Richard Keith Manuel

Company Vice President

Richard Keith Manuel, 64, a former Federal Housing Administration official who was a senior vice president with Potomac Partners LLC in Washington, died of an aortic aneurysm Sept. 13 at Washington Hospital Center. He had lived in Burtonsville before moving a month ago to Hedgesville, W.Va.

Mr. Manuel had 35 years of experience in mortgage banking, real estate finance and housing development and was considered an expert in federal housing programs.

He worked at the Department of Housing and Urban Development from 1975 to 1985 and again from 1991 to 1997. During the latter years, Mr. Manuel held various senior management positions in HUD headquarters managing loan origination, insuring and quality control operations on a national basis. He also was the chief underwriter for all of FHA's single family programs.

He joined Potomac Partners in 2000 and worked there until two months ago. Before then, he was senior vice president at Greater Atlantic Mortgage Corp. in Fairfax, where he managed loan origination, underwriting and secondary market operations.

He also held various positions at James Madison Mortgage Co., starting as a branch manager in 1986 and leaving in 1991 as senior vice president for mortgage operations and secondary marketing.

Mr. Manuel was born in Paw Paw, W.Va. He attended Columbia Union College in Takoma Park and graduated from American University.

He began his career in 1970 working at the Washington Redevelopment Land Agency on projects to rebuild, rehabilitate and redevelop certain neighborhoods within the city. He was a board member and held committee positions with the Mortgage Bankers Association of Metropolitan Washington. He also was a member of the mortgage and finance committee of the Montgomery County Board of Realtors and served as an instructor for the group.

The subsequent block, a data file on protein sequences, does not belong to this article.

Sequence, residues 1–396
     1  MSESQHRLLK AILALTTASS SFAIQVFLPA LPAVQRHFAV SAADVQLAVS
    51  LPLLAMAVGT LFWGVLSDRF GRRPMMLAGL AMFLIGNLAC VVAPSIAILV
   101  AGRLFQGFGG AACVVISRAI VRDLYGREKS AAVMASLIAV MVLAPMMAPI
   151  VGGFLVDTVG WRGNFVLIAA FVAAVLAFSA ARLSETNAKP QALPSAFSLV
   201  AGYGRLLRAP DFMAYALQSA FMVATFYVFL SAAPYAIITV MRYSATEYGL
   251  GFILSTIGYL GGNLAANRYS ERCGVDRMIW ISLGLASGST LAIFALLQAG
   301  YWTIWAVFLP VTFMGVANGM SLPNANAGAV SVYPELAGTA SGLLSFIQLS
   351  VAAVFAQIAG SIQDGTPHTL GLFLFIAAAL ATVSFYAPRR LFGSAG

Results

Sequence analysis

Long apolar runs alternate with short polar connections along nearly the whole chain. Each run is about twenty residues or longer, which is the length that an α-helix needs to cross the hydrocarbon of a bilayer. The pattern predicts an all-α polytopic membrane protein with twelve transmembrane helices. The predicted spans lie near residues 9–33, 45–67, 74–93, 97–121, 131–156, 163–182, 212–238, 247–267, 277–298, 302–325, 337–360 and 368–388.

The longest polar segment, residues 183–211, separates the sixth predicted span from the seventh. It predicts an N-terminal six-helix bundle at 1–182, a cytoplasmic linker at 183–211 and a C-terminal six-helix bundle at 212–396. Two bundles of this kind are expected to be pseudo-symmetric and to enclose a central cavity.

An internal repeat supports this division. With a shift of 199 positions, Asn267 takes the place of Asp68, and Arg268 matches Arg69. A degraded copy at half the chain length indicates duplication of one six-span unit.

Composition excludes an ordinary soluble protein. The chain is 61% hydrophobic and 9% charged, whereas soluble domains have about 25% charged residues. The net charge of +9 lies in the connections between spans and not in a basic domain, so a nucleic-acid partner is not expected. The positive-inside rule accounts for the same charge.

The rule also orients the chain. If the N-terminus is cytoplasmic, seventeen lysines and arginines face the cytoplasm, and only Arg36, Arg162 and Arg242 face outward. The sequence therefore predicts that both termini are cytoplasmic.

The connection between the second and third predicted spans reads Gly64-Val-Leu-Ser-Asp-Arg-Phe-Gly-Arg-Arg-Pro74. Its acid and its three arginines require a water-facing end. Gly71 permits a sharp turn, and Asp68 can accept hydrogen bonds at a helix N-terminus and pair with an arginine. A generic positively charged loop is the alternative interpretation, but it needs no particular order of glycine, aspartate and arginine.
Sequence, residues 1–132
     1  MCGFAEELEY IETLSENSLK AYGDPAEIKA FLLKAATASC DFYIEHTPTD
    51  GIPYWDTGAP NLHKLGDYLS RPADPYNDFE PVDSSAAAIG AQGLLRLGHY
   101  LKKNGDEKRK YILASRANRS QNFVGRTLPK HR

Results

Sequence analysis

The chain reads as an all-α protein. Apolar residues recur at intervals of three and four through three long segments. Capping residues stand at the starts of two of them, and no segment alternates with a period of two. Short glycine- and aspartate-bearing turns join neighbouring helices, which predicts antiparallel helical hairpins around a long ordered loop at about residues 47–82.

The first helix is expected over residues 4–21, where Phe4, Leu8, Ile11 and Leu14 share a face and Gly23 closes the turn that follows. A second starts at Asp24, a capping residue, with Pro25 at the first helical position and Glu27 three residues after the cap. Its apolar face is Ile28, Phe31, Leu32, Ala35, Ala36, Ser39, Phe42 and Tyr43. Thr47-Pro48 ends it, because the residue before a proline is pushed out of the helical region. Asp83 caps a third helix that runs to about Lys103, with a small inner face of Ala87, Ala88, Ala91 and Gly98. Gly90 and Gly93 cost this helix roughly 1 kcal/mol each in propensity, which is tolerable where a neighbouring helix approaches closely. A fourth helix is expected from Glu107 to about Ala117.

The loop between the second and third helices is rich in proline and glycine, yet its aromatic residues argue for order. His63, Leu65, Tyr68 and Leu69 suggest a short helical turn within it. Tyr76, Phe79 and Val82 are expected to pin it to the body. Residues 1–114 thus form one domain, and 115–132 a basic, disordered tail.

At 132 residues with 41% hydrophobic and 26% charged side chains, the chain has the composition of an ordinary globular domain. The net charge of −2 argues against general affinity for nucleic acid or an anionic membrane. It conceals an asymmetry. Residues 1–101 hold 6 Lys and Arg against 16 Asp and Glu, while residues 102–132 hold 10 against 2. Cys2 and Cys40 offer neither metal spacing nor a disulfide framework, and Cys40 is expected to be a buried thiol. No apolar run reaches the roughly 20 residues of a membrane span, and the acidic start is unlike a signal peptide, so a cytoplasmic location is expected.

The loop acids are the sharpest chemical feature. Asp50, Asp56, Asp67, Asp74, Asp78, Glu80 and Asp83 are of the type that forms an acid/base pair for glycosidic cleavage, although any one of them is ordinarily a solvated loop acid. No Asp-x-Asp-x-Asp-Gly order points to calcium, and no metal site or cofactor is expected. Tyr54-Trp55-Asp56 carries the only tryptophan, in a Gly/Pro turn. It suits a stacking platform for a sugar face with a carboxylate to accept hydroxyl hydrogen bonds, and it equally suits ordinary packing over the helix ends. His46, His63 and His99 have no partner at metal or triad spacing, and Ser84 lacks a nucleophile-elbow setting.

He received several awards, including the regional administrators award from HUD in 1985. He also was awarded the Federal Housing Administration Commissioner's Certificate of Merit for dedicated and exceptional performance, the Secretary's Distinguished Service Award for sustained excellence in meeting the department's mission and the Vice President's Hammer Award for making outstanding contributions to increasing the efficiency of federal housing programs.

Survivors include his wife, Jeanetta Marguerite Manuel, whom he married in 1963, of Hedgesville; two children, Michael Milton Manuel of Silver Spring and Traci Lin Cain of Phoenix, Md; and two sisters.

Betty B. Hill

Homemaker

Betty B. Hill, 82, a homemaker who was active in the Edsall Park Civic Association in Springfield, died Sept. 4 at Inova Fairfax Hospital. She had cerebral vascular disease.

Mrs. Hill was a native Washingtonian and graduate of Eastern High School. She attended George Washington University. During the 1940s, she worked as head switchboard operator at FBI headquarters in Washington.

After moving to Springfield in the 1950s, she was active in the Edsall Park Civic Association and the Edsall Park Elementary School PTA.

Mrs. Hill lived in the Greenspring Village retirement community in Springfield.

Survivors include her husband of 55 years, Thurman Hill of Springfield; two children, Michael Hill of Gaithersburg and Deborah Vaughn of Purcellville; a brother; and three grandchildren.

Claire Maier

Neuroscientist

Claire Maier, 48, a pediatric physical therapist at Washington's Hospital for Sick Children from 1982 to 1989 and who most recently was a neuroscientist in Atlanta, died Aug. 20 at a hospital in Atlanta. She had respiratory and renal failure.

Dr. Maier was born in Cleveland and raised in Silver Spring, where she graduated from Kennedy High School. She was a biology graduate of Rutgers University, where she was elected to Phi Beta Kappa, and trained in physical therapy at the University of Pennsylvania.

She moved to Atlanta from Silver Spring in 1989. In 1999, she received a doctorate in neuroscience from Emory University, where she also had a postdoctoral fellowship and published papers about the early detection of Parkinson's disease.

In the 1990s, she was a volunteer fact-checker for the television series "Highlander."

Survivors include her parents, Louis and Aholivah Maier of Silver Spring; and a brother, Martin Maier of Laurel.